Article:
I measured a (real) voltage waveform (red curve below). Then I took its FFT and used the magnitudes of the first 20 harmonics (even and odd) to model the signal (blue trace below), by summing the fundamental and harmonic-related sine wave components as follows:
I expected a better match between the two curves. What portion of the spectrum am I missing in my model to get a better match?
The model (blue) has symmetrical rising and falling edges, whereas the measured waveform (red) appears asymmetrical (capacitive charging/discharging; that is, the transitions begin sharply then decay). How does the FFT capture this effect if not in the harmonics?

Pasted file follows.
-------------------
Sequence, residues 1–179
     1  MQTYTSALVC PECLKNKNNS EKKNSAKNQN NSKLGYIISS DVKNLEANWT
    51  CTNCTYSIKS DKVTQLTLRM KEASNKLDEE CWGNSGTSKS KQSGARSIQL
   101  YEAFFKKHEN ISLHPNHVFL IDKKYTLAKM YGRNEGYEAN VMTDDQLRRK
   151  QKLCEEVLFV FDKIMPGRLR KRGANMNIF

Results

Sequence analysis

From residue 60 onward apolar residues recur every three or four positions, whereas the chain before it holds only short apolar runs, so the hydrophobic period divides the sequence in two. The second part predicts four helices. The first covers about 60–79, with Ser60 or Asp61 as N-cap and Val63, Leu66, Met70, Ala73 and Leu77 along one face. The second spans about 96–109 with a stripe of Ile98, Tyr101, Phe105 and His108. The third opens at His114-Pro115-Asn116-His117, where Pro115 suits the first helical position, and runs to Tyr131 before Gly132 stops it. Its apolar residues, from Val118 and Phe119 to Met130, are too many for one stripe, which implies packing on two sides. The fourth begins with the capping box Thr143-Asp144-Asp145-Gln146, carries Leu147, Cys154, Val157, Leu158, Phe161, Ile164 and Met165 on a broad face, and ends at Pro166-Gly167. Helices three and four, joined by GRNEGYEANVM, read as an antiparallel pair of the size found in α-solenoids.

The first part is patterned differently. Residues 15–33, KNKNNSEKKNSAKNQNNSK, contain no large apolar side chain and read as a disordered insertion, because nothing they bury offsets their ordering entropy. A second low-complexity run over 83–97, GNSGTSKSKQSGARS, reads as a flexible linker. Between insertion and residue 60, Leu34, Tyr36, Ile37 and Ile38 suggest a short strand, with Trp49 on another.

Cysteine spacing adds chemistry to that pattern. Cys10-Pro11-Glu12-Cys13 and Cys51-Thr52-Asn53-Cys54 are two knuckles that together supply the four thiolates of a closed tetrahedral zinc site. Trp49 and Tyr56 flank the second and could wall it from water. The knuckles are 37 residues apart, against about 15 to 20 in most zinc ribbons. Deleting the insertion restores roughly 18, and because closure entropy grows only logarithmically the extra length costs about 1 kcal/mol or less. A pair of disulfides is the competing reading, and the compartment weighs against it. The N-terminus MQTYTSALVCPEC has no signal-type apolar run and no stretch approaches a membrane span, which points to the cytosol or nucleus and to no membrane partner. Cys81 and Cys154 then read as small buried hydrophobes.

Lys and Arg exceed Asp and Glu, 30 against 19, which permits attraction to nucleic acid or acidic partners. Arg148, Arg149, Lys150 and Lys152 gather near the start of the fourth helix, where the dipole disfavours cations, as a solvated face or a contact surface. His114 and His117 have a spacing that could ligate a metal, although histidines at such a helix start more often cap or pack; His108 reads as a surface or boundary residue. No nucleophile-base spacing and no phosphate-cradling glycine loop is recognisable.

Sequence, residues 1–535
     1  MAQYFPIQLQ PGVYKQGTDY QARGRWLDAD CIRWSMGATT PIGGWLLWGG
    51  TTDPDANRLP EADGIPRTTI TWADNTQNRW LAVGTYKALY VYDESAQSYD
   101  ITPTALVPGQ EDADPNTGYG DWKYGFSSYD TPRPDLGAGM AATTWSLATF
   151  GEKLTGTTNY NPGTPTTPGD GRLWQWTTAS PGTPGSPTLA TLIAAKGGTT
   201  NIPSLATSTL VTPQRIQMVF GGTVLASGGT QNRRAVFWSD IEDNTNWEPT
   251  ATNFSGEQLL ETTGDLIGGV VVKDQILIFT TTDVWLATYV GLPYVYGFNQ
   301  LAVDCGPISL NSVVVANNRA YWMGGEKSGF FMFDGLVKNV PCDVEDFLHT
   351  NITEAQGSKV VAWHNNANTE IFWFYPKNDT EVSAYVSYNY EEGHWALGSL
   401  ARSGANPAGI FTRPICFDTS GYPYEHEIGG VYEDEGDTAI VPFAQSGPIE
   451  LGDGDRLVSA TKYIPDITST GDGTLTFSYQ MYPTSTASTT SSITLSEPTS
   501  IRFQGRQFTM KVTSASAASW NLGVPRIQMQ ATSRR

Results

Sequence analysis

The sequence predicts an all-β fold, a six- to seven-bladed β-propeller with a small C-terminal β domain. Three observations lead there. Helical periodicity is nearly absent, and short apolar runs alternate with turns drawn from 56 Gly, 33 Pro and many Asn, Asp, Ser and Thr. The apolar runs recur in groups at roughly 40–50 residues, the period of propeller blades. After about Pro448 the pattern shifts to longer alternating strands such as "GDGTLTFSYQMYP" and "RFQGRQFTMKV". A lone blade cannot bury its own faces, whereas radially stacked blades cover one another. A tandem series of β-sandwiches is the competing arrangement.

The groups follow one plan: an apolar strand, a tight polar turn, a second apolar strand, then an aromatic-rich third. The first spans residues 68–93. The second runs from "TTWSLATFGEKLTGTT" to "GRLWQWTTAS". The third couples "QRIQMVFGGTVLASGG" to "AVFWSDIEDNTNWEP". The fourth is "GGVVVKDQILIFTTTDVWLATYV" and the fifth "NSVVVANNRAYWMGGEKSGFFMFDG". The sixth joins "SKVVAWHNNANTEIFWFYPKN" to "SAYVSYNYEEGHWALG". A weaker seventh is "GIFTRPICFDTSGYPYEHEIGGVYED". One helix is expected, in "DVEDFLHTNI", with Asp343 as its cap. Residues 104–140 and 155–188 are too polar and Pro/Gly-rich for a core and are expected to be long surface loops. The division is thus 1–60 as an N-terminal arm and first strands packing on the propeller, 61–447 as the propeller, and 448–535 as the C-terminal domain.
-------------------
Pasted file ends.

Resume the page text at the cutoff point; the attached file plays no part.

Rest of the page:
I modified the above equation to include the phase as follows:
phiN is the phase for each harmonic computed from FFT coefficients between 0 and Nyquist frequencies (e.g.
The model (blue) does show an improvement in addressing asymmetric rise and fall transitions, but I'm still missing something.
Is there a way to improve the model based on FFT coefficients as I'm trying to do here, without computing the IFFT explicitly? I'm trying to create a waveform where every cycle is exactly the same, with the same period (within machine error), which represents the waveform of an average cycle (repeated many times).